Like most people, you work hard every day and want to enjoy the money you make. There’s nothing wrong with that, but if you are going to build wealth, you have to build your motivation for saving money. You have dreams, and finding motivation is essential if you are serious about achieving them. Let’s look at some of the most compelling reasons to save money in case you need a bit of motivation.
For many people, motivation to earn and save money comes from being able to do the things they love. Traveling, trying new hobbies, and eating good food are all excellent reasons to save money, as are passion projects and organizations that do work you support and admire.
Making your own decisions and lifestyle decisions is an empowering feeling. Knowing that you can support your lifestyle without the help of others is a source of pride. Wanting to become financially independent can be an excellent motivation for saving money.
If you want to learn how to take better care of your finances, check out my article on financial independence.
Being in debt can be incredibly stressful and anxiety-inducing. In fact, just being able to live debt-free is an incredibly heavy weight off your shoulders. Being debt-free has many benefits, like saving money, a better credit score, and a financial safety net for emergencies.
Like living in debt, living paycheck-to-paycheck can also be stressful, but for different reasons. Instead of feeling like there’s a burden on your shoulders, it’s more like you’re living with your hands tied. If just one unexpected cost comes out, you could be left with no money for your bills and necessities.
Being able to share your wealth and blessings with others is a noble reason to save money. Some examples include being able to provide for your family or donate to a cause you care about. Motivation will come much easier when you have something or someone to give to.
Your “why” is the most important thing to remember when you want to stay motivated. It’s your reason for wanting to work hard and achieve something and more. It’s also what gives the guiding force that will help you make decisions that support your financial future.
That’s why, according to the critically-acclaimed author and motivational speaker Simon Sinek, you should start with why.
Set a specific goal to reach, as it can be easier to track progress. Many people aim to save a certain amount of money relative to their age. A specific financial goal will give you a target, which will help motivate you to save money.
Additionally, you’ll want your goal to be achieved in a certain amount of time, like x amount of months/years. Giving yourself too much time to achieve a goal may make you forget it existed.
When you talk about your motivations and goals to your closest friends, you’ll have more people cheering you on. In fact, it could also be contagious, and you could inspire them to strive for their own goals.
By doing this, you’re also putting social pressure on yourself to achieve your goals. You don’t want to be the person who talks about big dreams but never ends up achieving them.
When you have a long-term goal, it helps to break it down into specific milestones. Your progress will be easier to track, and you’ll feel like you’re making tangible progress. For example, if you’re trying to save $10,000 in a year, note every time you save $1000.
Give yourself a pat on the back or a cup of your favorite coffee every time you hit a milestone. Celebrating your wins, even the little ones, is important because it gives you more reasons to save and stay motivated.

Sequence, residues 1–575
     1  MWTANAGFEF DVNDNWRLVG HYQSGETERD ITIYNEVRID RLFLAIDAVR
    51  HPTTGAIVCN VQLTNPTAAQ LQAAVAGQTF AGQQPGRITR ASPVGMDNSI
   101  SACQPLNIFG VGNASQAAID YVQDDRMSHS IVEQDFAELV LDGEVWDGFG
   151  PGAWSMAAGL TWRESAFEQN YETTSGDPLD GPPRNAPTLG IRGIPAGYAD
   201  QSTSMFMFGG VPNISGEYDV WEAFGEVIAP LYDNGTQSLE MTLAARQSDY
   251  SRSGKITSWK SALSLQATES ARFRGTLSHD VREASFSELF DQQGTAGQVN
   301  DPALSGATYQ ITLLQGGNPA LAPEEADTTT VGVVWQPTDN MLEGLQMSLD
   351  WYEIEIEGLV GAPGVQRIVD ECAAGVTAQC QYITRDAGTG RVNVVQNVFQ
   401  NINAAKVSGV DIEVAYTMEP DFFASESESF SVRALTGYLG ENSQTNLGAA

Keep your motivation front and center by using a vision board. A financial vision board is a visual reminder that will help you manifest your money goals. By having one and keeping it visible, you can remind yourself why you work so hard and save so much.
If you’re interested in making one, check out my guide to creating your own inspiring financial vision board.
Remember to set some money aside for self-care even if you’re investing and saving. You avoid getting burnt out by treating yourself now and again to something nice but not too expensive. It might sound counterintuitive, but spending on yourself (within reason) is essential to maintaining your motivation to save money.
Some days, you just won’t be motivated. That’s why instead of trying to be motivated every day, you want to be disciplined.
This means building and maintaining good money habits, even when not motivated. Some examples include saving money, updating your financial tracker, and researching investments.
Quick tip for avoiding burnout: make everything as easy as possible. Consider automating your finances if you haven’t already. When you automate your finances, chores like paying bills and transferring money between accounts will be done for you. By doing so, you’ll save valuable mental energy for more important things—like researching ways to save even more money and how to make your money work for you.
Side note: monitor your bills and subscriptions to ensure they’re being paid on time! Normally, automated finances won’t fail, but checking every once in a while doesn’t hurt.
By consuming financial content like podcasts regularly, you’ll be thinking about money more, making it easier to stay motivated. Join my Money Squad! It takes a few seconds, and you’ll receive financial tips and support from a community of Wealthbuilders who are all on a journey to becoming financially free. Sign up today!
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Dollars Makes Cents by Shaquana, Financial Coach and Wealth Expert, resources helps professional millennial women of color with the tools and skills they need to eliminate their debt, amplify their savings, and build generational wealth — without having to compromise their lifestyle.
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